Delaware’s municipalities are increasingly being asked to focus much of their attention on the state’s expected new growth and development. Municipalities must make difficult decisions that can have long-lasting impacts on the community’s character, economy, and quality.
The Delaware Planning Education Program is a voluntary certificate program comprising an organized series of educational courses designed to meet the responsibilities of municipalities as partners in planning Delaware’s future. The program is offered in partnership with the Office of State Planning Coordination and the Delaware Chapter of the American Planning Association.
Advanced Land-Use and Development Administration
“Planning 203” is a new hands-on course designed to provide participants with table-top exercises to build their skills for administering and interpreting land-use regulations.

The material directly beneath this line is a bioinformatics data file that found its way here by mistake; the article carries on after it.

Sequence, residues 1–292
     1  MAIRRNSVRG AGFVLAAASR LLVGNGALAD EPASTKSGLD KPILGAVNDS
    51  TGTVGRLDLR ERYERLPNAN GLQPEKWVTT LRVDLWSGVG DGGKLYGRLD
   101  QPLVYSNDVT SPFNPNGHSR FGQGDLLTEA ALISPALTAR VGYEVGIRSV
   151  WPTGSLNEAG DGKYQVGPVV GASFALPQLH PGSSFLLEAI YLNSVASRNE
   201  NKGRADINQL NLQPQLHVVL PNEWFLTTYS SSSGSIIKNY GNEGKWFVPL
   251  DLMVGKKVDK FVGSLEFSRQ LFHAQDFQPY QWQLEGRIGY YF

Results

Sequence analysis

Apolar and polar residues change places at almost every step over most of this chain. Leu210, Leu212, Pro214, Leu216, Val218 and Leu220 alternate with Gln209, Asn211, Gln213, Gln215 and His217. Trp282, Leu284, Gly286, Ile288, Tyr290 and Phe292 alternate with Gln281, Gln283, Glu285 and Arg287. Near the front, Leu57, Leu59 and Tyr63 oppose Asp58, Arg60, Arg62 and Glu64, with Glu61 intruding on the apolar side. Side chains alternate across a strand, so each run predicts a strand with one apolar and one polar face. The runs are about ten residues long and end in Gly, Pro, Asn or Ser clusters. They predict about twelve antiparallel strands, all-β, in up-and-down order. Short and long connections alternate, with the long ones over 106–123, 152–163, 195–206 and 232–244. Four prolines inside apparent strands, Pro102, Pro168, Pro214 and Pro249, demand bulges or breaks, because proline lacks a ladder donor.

March 24, 2017 | 9 a.m. to noon | University of Delaware Paradee Center | Dover, Del.
Cost: $50 | Instructors: Linda Raab, AICP, and Ann Marie Townshend, AICP
Developing Your Strategy for Economic Development
Whether a formal report adopted by council or a back-of-the-envelope exercise worked out on-the-fly, an economic development strategy can work to guide municipal decision-making and encourage private investment in your community. “Planning 213” is a new session that advances concepts and principles for scoping, developing, and implementing your community’s economic development strategy.
April 28, 2017 | 9 a.m. to noon | University of Delaware Paradee Center | Dover, Del.